GoodLuck!

RE: Resources and calculations for Implement design

(OP)
dhengr:

Thank you so much for your response. I have been digging around the international standards and have manged to find a few ASAE, Phillipino and Indian standards which shed a bit more light on the whole thing. But like you said I think the only way to really figure it out is to reverse engineer some of the older stuff. We do have the advantage of being a fairly well established company, it is just quite sad that this department has been neglected for as long as it has because A LOT of the information that should be here with regards to design reports and the like have dissapeared. To give you and idea of how bad things are I have manged to find 1 design document for the entire range of equipment (past and present) manufactured here, and the calculations used in that document seem very odd, not to mention that the actual implement never went into production. However most of the drawings are still in very good condition and so it is fairly easy to get dimensions and build them up in CAD programs to get an idea of the assembly processes etc.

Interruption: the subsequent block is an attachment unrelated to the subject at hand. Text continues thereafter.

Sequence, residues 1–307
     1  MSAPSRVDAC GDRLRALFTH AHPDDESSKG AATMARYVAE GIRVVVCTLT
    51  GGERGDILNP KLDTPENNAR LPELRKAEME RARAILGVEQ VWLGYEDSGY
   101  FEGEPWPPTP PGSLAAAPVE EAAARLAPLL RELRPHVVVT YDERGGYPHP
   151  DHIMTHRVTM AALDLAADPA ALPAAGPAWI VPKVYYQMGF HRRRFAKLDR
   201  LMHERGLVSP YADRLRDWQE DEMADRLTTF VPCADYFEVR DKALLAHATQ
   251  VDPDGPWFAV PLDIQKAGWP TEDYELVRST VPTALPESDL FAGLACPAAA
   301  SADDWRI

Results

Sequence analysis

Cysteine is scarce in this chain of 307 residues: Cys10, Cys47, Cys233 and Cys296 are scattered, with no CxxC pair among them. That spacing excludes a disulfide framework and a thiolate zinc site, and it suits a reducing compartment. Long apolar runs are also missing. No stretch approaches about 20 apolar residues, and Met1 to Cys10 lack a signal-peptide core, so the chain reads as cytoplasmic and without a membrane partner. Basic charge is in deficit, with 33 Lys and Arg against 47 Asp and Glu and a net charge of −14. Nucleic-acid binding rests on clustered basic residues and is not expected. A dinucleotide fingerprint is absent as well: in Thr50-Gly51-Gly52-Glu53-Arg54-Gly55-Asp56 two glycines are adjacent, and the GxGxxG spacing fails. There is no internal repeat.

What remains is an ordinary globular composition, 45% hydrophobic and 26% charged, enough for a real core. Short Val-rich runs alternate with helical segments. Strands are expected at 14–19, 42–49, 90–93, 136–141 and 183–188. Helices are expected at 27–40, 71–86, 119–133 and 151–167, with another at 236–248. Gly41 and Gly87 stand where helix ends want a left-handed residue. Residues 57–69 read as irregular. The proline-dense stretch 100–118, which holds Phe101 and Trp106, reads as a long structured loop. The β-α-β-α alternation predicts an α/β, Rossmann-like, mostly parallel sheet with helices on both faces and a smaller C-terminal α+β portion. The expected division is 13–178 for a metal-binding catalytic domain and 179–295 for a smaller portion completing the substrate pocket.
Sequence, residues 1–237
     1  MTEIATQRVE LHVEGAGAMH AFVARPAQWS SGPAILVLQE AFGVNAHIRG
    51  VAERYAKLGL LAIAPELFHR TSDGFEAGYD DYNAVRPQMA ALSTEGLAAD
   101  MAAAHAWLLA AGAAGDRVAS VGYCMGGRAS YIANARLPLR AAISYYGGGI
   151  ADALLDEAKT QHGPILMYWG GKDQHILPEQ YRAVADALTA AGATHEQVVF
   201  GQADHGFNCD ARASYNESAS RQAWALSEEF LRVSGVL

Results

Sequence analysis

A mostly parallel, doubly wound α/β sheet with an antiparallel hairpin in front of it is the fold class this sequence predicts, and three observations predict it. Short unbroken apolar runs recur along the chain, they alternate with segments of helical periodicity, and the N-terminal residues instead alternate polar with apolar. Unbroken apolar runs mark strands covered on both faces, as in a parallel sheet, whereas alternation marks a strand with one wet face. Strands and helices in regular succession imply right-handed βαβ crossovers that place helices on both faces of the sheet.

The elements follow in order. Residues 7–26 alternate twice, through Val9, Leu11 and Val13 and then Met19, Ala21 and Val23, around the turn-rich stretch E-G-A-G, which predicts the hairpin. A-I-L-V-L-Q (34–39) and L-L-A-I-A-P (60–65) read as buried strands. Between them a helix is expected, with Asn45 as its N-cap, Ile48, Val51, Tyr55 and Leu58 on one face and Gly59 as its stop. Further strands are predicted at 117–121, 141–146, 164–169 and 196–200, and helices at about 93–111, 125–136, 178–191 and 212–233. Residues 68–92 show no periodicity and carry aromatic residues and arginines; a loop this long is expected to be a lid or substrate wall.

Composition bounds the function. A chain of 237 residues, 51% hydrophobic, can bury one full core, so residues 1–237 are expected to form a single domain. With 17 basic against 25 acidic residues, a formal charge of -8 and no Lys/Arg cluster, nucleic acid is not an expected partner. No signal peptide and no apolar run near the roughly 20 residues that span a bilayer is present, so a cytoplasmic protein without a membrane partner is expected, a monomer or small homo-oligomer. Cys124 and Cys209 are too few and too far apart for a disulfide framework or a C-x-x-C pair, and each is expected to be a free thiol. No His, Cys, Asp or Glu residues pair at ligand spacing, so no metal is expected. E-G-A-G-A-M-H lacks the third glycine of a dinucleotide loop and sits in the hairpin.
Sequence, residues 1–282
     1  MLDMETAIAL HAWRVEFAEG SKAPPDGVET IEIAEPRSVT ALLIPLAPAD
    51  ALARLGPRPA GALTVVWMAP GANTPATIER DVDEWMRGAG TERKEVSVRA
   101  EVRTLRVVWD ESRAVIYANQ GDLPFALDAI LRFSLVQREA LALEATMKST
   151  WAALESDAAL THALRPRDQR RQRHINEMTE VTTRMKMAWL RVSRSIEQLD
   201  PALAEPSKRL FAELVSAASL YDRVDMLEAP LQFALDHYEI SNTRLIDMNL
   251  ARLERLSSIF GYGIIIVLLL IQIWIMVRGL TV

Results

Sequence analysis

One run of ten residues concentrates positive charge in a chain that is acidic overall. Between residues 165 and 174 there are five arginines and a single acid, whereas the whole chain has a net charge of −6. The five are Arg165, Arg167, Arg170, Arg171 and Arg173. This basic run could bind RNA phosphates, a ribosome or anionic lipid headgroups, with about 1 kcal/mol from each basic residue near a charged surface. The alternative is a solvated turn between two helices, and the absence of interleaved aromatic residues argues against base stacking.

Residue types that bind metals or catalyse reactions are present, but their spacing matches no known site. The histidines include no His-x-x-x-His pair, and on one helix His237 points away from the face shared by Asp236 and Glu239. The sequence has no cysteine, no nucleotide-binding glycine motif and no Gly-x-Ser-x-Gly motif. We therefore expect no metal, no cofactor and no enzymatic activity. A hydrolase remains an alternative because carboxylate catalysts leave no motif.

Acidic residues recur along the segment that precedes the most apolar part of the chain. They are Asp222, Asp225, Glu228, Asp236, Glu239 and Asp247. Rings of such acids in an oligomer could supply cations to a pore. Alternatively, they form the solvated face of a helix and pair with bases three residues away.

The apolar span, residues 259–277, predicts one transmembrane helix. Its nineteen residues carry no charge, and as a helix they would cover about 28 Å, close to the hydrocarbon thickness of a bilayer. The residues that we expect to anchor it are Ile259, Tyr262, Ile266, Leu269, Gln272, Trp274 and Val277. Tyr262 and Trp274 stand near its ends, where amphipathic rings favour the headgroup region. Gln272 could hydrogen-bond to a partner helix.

The implement Im working on is actually a ridger, with 3 sets of small (4 disc) offset harrow gangs running in front of the ridging shoes (so 6 gangs and 3 ridging shoes all hanging off the same toolbar). The problem with the design of this implement is the wieght. The customers request was that we join 2 of our heaviest toolbars together to make a single implement; so in order to satisfy that request in the 1 week i was given to design the whole thing (ridiculous deadline for what we are trying to achieve) I tried to adapt the lightest harrow gangs we have to fit on there. That went a bit wrong but I am trying to redevelop them to make them more rugged without adding too much weight to the toolbar.

Again thanks for your help. As you no doubt have guessed I have plenty of reading to do to.

RE: Resources and calculations for Implement design

Sjk88: